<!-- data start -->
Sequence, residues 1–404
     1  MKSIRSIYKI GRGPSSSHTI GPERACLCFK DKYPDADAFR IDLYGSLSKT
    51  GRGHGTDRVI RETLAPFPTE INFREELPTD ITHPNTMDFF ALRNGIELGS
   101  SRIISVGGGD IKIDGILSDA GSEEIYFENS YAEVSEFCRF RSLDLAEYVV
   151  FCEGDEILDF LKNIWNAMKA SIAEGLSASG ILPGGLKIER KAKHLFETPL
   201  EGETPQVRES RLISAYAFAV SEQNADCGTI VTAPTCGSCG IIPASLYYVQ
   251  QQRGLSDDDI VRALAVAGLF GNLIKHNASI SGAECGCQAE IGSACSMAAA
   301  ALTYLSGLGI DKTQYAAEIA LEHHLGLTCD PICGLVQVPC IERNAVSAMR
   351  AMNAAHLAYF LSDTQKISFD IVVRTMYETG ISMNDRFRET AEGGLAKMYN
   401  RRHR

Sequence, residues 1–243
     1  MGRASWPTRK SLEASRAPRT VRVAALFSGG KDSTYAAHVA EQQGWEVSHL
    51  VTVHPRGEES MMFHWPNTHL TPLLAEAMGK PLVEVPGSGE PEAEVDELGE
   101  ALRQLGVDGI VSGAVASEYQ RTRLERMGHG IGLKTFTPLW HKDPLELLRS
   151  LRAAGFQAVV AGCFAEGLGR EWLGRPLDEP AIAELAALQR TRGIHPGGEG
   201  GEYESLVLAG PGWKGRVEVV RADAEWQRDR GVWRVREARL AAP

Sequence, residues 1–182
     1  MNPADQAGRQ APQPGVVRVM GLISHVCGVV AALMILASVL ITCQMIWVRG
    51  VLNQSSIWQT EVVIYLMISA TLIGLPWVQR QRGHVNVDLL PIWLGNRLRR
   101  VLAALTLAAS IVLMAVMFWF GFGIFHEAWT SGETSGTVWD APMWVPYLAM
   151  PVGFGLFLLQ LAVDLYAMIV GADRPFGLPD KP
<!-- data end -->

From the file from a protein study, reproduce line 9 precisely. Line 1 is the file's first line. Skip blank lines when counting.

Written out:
   351  AMNAAHLAYF LSDTQKISFD IVVRTMYETG ISMNDRFRET AEGGLAKMYN